December 11, 2017

Research suggests health outcomes could be improved by working on relationship skills

Professor Phil Hanlon, expert in public health at Glasgow University, quoted in an article by Helen Puttick in The Herald newspaper (22 March 2010), says that the ‘best shot’ at an explanation for the chronic ill-health in the Glasgow is ‘a series of factors to do with the social, cultural, political history of the city which manifests itself in chronic stress, relationship issues, attitudinal issues and behavioural issues. These biological, relational, environmental and cultural things are combining in a particularly toxic way for Glasgow.’  Comparisons with other cities (particularly Liverpool and Manchester) unexpectedly showed that levels of deprivation did not alone account for the poor health stats in Glasgow.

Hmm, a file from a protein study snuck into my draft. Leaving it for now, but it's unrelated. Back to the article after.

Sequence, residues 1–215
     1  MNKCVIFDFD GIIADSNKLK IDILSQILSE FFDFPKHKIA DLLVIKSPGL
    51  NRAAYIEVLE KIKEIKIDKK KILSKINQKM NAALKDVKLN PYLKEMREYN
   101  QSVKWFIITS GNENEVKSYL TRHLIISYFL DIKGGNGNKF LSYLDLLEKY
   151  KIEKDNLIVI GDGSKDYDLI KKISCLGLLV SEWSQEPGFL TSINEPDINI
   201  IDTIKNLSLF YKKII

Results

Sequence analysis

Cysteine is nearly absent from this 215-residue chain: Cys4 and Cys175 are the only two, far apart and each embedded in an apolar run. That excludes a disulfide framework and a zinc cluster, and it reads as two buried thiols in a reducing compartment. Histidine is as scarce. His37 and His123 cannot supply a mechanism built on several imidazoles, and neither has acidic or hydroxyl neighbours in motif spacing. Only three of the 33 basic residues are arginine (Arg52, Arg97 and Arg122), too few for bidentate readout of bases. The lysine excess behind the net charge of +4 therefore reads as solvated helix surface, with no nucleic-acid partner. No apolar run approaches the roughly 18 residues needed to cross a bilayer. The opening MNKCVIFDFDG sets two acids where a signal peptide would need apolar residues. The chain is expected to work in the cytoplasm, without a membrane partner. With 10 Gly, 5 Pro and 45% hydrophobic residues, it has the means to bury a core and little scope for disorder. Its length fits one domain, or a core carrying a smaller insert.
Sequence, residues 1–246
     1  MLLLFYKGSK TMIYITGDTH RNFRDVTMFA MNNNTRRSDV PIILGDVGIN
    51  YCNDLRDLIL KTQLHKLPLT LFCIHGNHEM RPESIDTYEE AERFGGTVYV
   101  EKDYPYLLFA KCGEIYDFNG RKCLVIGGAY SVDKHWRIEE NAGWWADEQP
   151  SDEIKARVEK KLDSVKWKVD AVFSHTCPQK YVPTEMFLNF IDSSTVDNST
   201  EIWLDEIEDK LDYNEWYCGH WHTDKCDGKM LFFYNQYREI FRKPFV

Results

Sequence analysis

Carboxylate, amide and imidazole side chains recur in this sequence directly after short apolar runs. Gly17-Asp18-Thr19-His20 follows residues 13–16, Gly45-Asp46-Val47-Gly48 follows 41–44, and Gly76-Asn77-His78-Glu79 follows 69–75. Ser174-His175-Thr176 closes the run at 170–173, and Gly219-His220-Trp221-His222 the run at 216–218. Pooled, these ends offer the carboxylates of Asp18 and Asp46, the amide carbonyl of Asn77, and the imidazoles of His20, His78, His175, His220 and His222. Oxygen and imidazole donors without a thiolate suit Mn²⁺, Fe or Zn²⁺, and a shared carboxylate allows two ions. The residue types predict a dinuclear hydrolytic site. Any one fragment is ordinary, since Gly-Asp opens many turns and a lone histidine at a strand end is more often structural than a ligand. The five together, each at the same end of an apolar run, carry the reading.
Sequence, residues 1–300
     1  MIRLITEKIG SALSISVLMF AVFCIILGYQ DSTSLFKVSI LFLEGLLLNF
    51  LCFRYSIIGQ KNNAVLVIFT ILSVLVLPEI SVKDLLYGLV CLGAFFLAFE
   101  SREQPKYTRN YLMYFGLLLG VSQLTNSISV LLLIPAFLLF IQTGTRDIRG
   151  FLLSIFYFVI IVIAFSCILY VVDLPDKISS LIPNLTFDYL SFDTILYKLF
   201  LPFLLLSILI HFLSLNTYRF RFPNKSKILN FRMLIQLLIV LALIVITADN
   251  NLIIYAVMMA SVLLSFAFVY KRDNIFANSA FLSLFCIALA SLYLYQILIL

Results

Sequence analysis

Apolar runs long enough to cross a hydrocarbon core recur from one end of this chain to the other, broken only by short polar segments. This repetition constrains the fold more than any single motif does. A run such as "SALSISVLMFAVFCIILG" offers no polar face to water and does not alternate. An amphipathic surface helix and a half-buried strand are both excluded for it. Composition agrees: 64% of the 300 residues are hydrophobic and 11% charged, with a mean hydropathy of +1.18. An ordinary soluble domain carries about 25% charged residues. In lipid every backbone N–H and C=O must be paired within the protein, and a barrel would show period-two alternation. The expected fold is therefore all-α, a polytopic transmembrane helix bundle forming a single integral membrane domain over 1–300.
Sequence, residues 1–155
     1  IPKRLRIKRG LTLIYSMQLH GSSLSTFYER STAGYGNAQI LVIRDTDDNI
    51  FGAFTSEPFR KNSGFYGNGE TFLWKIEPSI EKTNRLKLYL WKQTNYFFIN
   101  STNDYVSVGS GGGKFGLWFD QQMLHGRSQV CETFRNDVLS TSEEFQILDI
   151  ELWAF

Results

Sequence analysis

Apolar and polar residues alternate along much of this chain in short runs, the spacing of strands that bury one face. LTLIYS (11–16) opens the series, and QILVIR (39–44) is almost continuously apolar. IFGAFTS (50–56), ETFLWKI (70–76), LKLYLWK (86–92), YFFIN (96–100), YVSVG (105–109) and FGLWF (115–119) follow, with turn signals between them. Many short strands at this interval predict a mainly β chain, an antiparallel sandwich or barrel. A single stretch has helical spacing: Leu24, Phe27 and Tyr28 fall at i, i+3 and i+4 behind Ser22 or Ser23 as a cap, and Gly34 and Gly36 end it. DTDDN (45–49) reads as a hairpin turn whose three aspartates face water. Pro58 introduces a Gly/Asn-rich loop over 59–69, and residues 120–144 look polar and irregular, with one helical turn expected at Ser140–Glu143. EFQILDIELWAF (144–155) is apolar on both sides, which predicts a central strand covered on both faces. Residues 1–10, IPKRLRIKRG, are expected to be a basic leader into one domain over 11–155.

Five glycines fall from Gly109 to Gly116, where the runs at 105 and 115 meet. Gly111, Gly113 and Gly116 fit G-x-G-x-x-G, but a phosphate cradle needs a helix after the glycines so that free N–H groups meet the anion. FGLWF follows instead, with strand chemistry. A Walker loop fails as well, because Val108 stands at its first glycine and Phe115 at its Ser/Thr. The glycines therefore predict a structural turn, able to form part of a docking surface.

Interesting that ‘relationship issues’ are seen by Professor Hanlon as potentially part of the explanation.  We might conclude that working on our skilfulness in relationships could contribute to improving health, in Glasgow, at least.  This might ring true with on-the-ground experience of a city in which talking about something bad that’s happened, like an accident, is commonly employed as a means of establishing common ground with other people.  Focusing on the good things instead might help more than our state of mind.

To read the Herald article go to http://bit.ly/dhT1IN.